No. The UAS pays you to be a member. You get a maximum of 35 days per year pay (Pay is about £35/day) and a training bounty on top of that (£120 -> £150 depending on year of membership). If you wish to apply for a bursary in your chosen branch, you get 'extra' pay from the Royal Air Force - pilots pay is currently £1000/year, other branches get up to £4000/year for example - ontop of your UAS pay. If you are a medic, you get a substantial bursary if successful with your application and you can also apply for a Cadetship: You are given the rank of Plt Off and get pay of around £14k/year paid on a monthly basis. You no longer get UAS pay.
Travel is also free - either in the form of a railway warrant and MT or through fuel claims.

What is the difference between a VR and a UB?
If you are not sponsored by the RAF (I.e. you haven't been awarded a bursary), you will be an Officer Cadet and wear the big white tabs and just get UAS pay with no obligation to join. On paperwork, you are a VR.

If you are sponsored (I.e. you have been awarded a bursary, including 1st/2nd year med students) you are also an Officer Cadet but admin class you as a UB for paperwork purposes. You also get your yearly bursary from the RAF as well as UAS pay. You have to join at the end of your degree or pay back ALL your bursary money (unless it's a medical reason).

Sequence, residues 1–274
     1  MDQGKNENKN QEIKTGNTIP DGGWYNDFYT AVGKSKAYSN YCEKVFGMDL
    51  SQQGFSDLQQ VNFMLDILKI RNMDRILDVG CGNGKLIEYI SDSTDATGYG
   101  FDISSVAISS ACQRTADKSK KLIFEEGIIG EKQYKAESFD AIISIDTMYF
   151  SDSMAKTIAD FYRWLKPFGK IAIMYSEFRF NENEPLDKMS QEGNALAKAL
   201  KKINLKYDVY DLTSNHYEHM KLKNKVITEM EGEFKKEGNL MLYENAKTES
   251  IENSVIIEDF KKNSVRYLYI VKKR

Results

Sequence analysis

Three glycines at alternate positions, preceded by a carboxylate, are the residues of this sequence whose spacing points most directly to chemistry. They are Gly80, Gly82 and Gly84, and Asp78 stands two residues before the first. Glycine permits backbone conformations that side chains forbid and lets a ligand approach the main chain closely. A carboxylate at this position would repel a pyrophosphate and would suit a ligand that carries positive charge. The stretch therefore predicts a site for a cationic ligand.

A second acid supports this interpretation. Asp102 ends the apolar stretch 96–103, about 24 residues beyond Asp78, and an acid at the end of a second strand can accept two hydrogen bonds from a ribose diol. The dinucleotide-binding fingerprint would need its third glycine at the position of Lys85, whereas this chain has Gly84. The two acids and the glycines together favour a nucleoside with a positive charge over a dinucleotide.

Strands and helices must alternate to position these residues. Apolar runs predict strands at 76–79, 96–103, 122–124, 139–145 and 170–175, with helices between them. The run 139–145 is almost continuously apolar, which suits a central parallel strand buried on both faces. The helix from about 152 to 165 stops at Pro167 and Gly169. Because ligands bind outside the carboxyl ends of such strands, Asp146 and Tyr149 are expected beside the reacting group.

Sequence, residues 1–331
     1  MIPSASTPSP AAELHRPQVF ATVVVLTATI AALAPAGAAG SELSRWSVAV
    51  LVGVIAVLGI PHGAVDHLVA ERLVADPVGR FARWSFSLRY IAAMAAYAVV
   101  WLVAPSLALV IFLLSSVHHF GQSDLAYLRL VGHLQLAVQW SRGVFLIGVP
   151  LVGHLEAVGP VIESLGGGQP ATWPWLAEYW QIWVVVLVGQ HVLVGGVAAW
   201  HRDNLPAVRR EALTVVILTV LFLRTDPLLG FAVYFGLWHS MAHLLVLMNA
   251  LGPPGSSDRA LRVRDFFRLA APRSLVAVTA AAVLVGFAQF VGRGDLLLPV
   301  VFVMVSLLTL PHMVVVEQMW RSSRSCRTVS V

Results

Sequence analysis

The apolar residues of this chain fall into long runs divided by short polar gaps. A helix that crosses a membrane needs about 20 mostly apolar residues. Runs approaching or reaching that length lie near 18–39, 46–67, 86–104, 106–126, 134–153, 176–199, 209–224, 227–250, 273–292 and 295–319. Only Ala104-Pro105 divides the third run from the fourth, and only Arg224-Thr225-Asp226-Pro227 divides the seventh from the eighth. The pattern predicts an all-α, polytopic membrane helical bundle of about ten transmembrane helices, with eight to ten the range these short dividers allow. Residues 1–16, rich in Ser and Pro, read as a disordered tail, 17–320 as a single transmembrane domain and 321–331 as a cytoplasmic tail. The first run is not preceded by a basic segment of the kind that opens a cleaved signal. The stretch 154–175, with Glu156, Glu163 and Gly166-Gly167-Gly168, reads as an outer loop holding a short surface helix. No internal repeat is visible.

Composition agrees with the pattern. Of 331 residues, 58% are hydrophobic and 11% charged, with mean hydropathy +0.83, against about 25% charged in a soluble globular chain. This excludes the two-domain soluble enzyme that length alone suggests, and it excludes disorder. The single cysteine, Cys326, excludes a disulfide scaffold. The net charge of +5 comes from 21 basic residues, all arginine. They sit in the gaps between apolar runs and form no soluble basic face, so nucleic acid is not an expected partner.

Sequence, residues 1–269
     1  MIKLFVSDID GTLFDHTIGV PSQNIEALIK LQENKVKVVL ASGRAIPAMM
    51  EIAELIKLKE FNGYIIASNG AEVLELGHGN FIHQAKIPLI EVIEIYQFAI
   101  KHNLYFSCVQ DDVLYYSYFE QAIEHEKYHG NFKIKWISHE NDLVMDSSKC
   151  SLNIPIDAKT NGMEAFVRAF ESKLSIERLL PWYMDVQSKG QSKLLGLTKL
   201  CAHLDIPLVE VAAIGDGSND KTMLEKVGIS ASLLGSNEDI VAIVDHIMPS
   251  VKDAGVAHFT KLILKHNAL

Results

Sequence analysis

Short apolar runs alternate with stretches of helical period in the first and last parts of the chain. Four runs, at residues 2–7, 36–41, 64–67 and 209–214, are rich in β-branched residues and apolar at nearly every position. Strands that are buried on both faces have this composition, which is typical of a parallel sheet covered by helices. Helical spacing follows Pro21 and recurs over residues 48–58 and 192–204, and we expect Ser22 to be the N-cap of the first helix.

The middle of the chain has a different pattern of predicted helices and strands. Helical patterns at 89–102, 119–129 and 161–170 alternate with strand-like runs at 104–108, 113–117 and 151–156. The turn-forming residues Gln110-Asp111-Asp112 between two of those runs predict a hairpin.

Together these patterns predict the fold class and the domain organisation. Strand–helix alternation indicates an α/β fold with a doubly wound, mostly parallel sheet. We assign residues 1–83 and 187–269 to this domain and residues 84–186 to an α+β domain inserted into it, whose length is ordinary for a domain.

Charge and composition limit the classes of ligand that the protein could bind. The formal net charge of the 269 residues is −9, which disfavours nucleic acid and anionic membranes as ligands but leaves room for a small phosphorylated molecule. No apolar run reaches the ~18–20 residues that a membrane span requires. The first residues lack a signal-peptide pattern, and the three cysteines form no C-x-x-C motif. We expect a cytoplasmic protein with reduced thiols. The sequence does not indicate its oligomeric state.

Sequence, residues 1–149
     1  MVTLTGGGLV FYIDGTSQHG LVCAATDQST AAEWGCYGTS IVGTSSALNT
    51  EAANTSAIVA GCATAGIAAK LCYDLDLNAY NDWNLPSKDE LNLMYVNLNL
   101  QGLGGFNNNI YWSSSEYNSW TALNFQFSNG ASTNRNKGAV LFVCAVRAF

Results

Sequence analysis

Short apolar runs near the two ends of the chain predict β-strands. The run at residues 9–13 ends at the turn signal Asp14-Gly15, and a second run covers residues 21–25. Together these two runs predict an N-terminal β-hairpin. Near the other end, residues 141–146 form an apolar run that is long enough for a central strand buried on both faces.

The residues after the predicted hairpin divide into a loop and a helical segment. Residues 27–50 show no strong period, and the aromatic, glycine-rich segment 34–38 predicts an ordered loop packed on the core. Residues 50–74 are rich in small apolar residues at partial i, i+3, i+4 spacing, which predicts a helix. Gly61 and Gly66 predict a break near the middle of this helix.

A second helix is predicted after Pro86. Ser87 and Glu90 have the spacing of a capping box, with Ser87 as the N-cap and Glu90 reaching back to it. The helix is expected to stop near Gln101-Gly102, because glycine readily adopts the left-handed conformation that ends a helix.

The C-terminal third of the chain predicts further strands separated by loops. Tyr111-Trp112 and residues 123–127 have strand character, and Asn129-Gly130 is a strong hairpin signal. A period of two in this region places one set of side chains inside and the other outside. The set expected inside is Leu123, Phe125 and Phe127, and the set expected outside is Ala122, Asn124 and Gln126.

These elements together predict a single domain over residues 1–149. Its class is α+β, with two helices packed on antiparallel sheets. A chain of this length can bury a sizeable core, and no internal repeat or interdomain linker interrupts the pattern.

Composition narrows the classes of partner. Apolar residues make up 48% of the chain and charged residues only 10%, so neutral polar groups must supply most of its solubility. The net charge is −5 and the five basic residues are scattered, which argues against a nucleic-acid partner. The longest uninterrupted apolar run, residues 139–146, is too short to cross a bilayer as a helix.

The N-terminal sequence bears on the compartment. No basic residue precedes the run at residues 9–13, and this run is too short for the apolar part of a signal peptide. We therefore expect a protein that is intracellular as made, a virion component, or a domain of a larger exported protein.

In your 2nd year of being a medical bursar, you may apply for a cadetship. If you are awarded a cadetship, you get a salary from the RAF and given the rank of Plt Off.

What commitments do I have?
Each UAS conducts 1x Ground Training night per week. This is where you get talks/presentations from guest speakers - from the Air Ambulance, the RAF or even the civvy police. Some nights may be more relaxed and take the form of 'hangar exercises' or 'group planning' in preparation for OASC. You get paid for attendance.
You must also commit to 1x 2 week block of camp (nomally in the summer holidays). Here you get to fly, do adventurous training, sport, debtaing etc. The list goes on! You spend a fortnight staying at the airfield that hosts your UAS staying in the Officers Mess. Food is also free.